Betts is dreaming if he thinks any team is offering him Trout money. He probably knows it to. It’s doubtful that he actually expected the Red Sox to increase their offer that dramatically. Betts has been adamant about testing free agency because he believes it’s his best chance to maximize his earnings. He essentially was daring the Red Sox to change his mind with an outrageous offer.
Boston’s brass didn’t bite. Now they are in a position where they must consider trading one of the best hitters in baseball or risk losing him to free agency in a year.
Regardless of if he gets traded or not, Betts will almost certainly be a free agent after this upcoming season. Teams will back up the Brinks trunk for him. He’s going to get paid. A lot. But it won’t be $400 million.
Trout’s record total includes the two years and $66.5 million that was remaining on his previous contract. The extension portion is for 10-years, $360 million. If he hadn’t inked an extension two years early, Trout would have joined Betts in the free agent class of 2021. In what world is Betts getting more than $360 million if that’s what Trout was deemed to be worth?
Sure, Trout might have made more money if he waited for free agency but we can’t say the Angels were given a hometown discount when they paid him nearly $100 MILLION MORE THAN ANYONE IN MLB HISTORY!
Trout belongs in his own stratosphere so his contract shouldn’t be used to project what Betts will earn. When Betts hits free agency, his offers will be based on what Machado (10-year, $300M) and Harper (13-year, $330M) were paid last year. What Anthony Rendon (7-year, $245M) earned as the top position player on the market this year or Nolan Arenado‘s extension (8-years, $260M) with the Colorado Rockies.
Betts is more valuable than any of those players but he’ll be 28 when he hits the market. That’s two years older than Machado/Harper, one year younger than Rendon and the same age Arenado was when he signed. There’s little reason to assume Betts will get more than eight years. His average annual value will be higher but he doesn’t deserve to top Trout. An average of $35 million over eight years works out to $280 million. That seems reasonable.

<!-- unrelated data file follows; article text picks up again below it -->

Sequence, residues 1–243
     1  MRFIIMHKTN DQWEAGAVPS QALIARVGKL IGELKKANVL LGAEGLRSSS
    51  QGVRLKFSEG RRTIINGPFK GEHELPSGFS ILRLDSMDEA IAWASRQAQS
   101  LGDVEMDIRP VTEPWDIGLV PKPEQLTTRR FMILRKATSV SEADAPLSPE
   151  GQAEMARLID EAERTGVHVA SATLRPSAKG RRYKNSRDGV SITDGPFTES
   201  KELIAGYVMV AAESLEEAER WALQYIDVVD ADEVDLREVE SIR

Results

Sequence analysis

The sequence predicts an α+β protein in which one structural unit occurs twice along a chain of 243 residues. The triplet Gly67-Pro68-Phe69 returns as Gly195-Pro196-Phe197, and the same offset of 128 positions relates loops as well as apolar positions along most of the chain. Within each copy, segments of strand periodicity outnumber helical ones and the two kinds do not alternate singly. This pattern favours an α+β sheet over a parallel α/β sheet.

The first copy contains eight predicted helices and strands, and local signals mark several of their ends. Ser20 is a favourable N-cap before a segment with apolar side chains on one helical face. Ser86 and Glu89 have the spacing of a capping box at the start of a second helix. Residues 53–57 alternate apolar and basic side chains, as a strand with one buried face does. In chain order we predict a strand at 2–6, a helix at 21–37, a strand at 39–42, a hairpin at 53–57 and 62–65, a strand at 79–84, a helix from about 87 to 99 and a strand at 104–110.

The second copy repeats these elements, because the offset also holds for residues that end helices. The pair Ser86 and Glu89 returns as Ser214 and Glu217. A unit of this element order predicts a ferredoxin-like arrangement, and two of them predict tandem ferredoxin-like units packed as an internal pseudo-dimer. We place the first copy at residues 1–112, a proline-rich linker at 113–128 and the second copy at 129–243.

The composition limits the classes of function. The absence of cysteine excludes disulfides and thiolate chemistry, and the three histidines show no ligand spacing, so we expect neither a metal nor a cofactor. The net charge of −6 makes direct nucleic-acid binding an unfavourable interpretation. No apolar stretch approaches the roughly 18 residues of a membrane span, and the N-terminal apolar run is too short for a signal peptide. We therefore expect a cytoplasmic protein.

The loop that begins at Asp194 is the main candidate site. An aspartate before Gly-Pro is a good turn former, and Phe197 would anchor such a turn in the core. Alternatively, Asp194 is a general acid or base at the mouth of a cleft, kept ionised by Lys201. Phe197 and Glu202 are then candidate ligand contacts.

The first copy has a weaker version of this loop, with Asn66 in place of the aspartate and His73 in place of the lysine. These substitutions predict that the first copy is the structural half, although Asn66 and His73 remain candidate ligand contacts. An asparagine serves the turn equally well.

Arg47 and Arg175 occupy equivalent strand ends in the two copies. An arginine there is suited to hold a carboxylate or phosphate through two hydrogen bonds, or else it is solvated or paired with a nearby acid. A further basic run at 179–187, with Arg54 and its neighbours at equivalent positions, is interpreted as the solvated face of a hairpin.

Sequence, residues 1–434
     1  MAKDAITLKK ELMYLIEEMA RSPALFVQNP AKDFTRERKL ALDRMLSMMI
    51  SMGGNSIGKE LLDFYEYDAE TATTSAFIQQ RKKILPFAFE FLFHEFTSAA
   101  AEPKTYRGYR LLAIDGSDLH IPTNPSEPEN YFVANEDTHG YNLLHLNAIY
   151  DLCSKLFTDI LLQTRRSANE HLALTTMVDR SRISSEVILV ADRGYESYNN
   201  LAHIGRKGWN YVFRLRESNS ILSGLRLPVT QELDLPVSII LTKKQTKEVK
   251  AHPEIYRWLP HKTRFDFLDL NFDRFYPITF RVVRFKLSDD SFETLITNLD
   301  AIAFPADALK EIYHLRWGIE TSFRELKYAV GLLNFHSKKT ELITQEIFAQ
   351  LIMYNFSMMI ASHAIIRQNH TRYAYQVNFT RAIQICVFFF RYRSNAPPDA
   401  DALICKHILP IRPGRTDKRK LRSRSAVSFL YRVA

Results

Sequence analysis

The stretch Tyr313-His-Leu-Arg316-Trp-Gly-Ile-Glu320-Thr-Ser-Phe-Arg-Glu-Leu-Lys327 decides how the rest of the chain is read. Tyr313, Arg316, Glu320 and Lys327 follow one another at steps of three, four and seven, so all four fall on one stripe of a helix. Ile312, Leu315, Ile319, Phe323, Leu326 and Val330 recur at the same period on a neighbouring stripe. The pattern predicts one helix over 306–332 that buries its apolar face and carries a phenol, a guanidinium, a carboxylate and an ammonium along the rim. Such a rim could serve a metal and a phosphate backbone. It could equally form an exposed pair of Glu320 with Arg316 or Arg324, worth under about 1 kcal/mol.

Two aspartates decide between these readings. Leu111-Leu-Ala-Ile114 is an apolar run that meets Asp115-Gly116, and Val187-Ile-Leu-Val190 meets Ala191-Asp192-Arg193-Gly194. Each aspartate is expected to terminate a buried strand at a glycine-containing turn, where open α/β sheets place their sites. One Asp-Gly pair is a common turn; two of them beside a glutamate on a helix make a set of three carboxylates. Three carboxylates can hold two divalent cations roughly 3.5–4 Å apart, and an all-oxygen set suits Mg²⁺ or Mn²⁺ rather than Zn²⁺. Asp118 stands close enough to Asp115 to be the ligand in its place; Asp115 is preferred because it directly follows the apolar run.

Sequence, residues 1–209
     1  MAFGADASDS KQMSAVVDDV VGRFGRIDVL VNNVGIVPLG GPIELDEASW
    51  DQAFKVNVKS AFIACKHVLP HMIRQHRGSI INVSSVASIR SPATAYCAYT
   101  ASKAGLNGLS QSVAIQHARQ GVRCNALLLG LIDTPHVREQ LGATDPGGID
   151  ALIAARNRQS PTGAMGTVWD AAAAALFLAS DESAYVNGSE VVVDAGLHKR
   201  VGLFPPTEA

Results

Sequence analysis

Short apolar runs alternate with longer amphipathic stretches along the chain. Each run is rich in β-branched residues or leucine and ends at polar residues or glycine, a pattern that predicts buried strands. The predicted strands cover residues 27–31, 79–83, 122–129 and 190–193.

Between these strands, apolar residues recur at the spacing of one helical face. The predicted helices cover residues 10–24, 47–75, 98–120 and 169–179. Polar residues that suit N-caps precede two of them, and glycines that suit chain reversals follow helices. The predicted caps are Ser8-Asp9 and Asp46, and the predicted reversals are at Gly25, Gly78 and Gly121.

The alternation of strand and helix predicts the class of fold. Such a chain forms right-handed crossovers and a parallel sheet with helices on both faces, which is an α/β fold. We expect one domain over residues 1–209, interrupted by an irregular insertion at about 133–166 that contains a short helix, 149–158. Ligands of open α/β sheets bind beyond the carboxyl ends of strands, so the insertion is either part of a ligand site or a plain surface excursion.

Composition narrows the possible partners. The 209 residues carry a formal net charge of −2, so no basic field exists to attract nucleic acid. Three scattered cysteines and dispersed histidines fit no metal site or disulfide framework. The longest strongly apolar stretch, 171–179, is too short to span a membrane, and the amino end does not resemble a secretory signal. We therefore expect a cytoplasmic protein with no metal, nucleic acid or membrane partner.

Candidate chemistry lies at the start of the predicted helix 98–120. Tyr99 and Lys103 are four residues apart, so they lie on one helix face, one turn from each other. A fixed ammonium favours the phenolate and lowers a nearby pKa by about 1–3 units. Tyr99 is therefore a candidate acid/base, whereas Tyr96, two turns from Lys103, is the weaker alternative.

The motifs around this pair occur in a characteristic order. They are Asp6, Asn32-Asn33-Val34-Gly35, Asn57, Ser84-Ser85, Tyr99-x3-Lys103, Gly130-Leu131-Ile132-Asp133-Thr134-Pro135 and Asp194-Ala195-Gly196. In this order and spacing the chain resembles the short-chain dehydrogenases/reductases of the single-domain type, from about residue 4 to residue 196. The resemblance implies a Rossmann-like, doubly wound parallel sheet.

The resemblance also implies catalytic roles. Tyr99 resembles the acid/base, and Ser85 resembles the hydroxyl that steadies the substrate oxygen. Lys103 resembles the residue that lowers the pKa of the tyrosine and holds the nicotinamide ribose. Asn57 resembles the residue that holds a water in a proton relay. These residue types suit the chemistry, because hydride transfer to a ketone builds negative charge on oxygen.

That doesn’t mean that Betts was foolish to turn down Boston’s offer. He was paid $20 million last year and will earn $27 million this season. If he makes $280 million on his next deal, that’s $327 million over a ten year period. More than what the Red Sox were offering, although not by much.
It’s well short of the $420 million he reportedly asked for but that was spread over 12 years and would have started with his age 26 season, wiping out his final two arbitration seasons. Mookie knows he can’t ask for 12 years when he’s 28 years old. Don’t misinterpret this report by thinking it will take $400+ million to sign Betts as a free agent next year. It’s not happening!
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Betts can ask for the moon now because it’s the only way to potentially talk him into an early extension. What he actually gets on the open market will be much closer to what Boston offered than the staggering figure he’s demanding. In the end, he’s still going to snatch every last dollar he can grab, which was is plan all along.